Did you know that all of Rings & Things’ hat pins meet the guidelines set forth by the Arkansas hat-pin ruling of 1909? Curious? You can read about the history of hat pins on the American Hatpin Society’s website: http://www.americanhatpinsociety.com/tour/history.html. (And yes, there is an American Hatpin Society!)
While the history of hat pins at Rings & Things isn’t as colorful, we have offered the necessary findings for years, and they are still popular. You too can make hat pins (whether for personal adornment, weaponry, or both). Just follow the step-by-step instructions in this free Rings & Things jewelry-making tutorial.
Purchasing beads by the strand is a great value. They aren’t just for stringing necklaces; I used the large-hole beads pictured here to create hat pins. And the leftover beads will be an inspiration for future projects. Can you have too many beads? I don’t think so.
You will need these supplies:
- 1 each hat pin with head (I used item #38-030-1)
- 1 each stick pin clutch (I used item #38-850-1)
- 2 each 3.4x1mm metal heishi-style beads (I used item #26-233-3)
- 3 each 6x2mm spacer bead (I used item #49-954-06-AS)
- 1 each color-changing Mirage bead (I used item #27-398-01)
- 1 each large-hole rondelle gemstone bead (I used item #21-001-011-03)
- 1 each fancy-metal bead (I used item #26-815-108)
- 1 each brushed-finish metal bead (I used item #26-815-209)
- 3 each earring backs (I used item #33-960)
- 1 each crimp cover (I used item #48-285-48-1)
Large-Hole Base-Metal Beads
Hat-pin findings are made of hardened 16-gauge wire, which requires beads with 1.3mm holes. Rings & Things lists the bead-hole size on each item listing’s detail page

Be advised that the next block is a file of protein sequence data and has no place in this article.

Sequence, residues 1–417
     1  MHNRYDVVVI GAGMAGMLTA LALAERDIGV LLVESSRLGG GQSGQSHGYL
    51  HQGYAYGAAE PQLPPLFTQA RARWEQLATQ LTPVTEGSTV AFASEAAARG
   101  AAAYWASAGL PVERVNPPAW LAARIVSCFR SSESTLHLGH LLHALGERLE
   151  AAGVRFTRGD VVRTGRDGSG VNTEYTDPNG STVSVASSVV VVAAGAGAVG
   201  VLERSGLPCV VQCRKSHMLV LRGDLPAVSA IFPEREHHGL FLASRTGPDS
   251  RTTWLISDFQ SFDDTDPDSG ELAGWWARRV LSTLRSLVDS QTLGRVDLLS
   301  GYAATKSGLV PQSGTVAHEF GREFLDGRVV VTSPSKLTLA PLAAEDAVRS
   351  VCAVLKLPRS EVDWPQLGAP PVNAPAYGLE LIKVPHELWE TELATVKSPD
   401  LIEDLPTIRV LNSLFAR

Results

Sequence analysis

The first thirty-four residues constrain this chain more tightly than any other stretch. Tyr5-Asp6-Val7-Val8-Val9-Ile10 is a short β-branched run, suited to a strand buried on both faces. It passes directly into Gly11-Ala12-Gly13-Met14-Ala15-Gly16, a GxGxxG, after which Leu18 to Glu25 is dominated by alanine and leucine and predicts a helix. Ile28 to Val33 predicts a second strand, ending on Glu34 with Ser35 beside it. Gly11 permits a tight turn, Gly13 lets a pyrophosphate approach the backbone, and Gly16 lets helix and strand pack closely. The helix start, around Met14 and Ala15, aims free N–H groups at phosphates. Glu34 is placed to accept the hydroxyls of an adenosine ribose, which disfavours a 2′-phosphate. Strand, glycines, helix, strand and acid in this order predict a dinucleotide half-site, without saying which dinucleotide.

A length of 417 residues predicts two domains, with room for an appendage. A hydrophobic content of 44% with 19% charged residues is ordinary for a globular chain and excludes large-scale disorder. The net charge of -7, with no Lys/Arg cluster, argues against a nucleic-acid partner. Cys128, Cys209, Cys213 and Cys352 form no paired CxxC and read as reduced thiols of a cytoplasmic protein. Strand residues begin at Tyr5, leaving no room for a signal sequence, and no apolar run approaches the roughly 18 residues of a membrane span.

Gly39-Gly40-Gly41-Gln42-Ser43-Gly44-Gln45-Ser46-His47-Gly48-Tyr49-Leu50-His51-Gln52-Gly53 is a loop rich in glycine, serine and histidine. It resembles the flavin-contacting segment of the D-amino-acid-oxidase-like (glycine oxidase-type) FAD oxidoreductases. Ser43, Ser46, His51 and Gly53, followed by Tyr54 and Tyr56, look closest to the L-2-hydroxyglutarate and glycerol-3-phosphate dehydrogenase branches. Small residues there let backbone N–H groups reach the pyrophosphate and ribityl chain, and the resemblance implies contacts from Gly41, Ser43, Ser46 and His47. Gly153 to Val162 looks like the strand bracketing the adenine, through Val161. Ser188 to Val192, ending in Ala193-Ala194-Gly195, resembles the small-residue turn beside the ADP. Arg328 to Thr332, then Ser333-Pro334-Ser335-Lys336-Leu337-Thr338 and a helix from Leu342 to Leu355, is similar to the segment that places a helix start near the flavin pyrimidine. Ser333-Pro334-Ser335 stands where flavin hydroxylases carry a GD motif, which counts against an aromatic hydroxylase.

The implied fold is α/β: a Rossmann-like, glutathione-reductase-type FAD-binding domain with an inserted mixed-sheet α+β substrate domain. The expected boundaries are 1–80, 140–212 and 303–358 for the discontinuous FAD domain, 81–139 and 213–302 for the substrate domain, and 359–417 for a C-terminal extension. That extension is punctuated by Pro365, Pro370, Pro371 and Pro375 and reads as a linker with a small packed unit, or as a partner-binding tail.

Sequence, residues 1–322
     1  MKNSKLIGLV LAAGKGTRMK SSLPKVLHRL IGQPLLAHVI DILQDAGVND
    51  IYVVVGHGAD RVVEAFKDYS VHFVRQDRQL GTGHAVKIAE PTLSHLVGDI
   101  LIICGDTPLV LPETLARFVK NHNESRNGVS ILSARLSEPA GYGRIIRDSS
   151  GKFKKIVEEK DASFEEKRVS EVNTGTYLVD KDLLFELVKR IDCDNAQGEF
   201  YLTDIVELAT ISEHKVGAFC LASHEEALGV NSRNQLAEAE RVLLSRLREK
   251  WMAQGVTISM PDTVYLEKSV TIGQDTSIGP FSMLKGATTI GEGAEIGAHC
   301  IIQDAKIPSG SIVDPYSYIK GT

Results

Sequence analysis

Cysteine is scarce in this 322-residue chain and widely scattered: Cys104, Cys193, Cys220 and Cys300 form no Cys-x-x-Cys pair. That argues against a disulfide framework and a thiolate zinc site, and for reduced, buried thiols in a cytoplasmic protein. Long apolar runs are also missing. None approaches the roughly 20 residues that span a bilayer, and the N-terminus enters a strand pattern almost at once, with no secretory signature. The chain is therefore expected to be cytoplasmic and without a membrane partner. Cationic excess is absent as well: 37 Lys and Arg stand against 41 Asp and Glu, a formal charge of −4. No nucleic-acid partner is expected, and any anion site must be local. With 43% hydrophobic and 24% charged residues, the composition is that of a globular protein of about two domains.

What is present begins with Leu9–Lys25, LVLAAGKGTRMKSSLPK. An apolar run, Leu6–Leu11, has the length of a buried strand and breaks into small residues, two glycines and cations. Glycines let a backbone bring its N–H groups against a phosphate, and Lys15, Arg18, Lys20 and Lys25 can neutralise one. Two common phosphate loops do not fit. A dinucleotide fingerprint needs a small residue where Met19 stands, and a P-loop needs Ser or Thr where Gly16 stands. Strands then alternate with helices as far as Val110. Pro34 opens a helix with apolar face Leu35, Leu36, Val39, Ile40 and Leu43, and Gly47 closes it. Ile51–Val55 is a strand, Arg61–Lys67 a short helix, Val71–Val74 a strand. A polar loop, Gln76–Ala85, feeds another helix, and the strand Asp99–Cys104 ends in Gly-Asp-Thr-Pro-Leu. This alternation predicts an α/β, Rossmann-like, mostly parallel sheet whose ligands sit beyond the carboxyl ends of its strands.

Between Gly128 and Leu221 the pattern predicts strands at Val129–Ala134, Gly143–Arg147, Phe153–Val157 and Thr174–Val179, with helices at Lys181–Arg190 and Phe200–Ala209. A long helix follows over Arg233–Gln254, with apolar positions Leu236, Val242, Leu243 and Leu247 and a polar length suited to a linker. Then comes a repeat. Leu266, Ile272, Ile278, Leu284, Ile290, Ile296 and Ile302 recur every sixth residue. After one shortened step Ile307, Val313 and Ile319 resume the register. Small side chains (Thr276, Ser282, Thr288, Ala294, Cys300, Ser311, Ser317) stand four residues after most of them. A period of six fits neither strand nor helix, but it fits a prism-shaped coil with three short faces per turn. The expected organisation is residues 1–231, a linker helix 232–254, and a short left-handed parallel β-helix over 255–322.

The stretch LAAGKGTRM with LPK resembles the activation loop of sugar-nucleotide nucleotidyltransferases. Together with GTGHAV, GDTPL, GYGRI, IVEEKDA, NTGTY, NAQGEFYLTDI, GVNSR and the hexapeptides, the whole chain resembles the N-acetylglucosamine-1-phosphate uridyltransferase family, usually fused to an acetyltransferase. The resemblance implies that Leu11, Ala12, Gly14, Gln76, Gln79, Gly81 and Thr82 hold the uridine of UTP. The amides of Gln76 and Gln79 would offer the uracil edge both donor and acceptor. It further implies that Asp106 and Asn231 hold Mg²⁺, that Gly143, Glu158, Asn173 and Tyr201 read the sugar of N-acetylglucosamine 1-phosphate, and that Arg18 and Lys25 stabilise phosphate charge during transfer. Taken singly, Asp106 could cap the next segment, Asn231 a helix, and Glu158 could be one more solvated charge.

Large-hole base-metal beads are organized by hole size on the Rings & Things’ website. Now you can find the perfect bead with ease for your jewelry-making project.
You will need these tools:
Plan the design and lay out the beads in your desired pattern.
The “Ocean Pearl” color-changing Mirage bead has a 3 – 4mm hole-a little too large to sit evenly on the 16-gauge hat-pin wire. But no worries, you can use white-rubber earring keepers to keep it firmly balanced on the wire.
String the first three beads on to the hat pin finding: 3.4mm heishi-style metal bead, 3.4mm heishi-style metal bead, and 6mm beaded spacer bead. String on 2 wire keepers and space them to match the length of the Mirage bead. These will serve as “bead adjusters”.
String the Mirage bead on so both wire keepers tuck inside the bead. No wobbly bead now.
String on the remaining beads: 6mm beaded spacer bead, 12mm Aventurine Rondelle, 6mm beaded spacer bead, 8mm round brushed-finish bead, and fancy metal barrel bead.
Follow these steps to make a base-metal “smart bead”:
Use sharp scissors to cut a white-rubber wire keeper in half.
You will now have two half-sized wire keepers. You will only need one for this project.
String the half-sized wire keeper on to the already beaded hat pin (positioned a few inches from the sharp end is fine).
Insert the half-sized wire keeper into a base-metal crimp cover.
Use the large, rounded part of the “Mighty Crimper” pliers’ jaw to close the crimp cover over the half-sized wire keeper. Pivot the crimp cover in the jaw and squeeze from a few positions until it is fully closed and rounded.
Slide the homemade smart bead up the hat pin until it positions firmly against the decorative beads, thus holding everything in place.
Finish the beaded hat pin by adding a stick-pin clutch. The clutch comes lined with a rubber insert that protects the sharp end of the hat pin (and you)!
“Ocean Pearl” Hat Pin by Rings & Things designer Mollie Valente.
“Chinese Lantern” Hat Pin created by Rings & Things designer Mollie Valente. Supply list and instructions for this project are coming soon to the Rings & Things Design Gallery!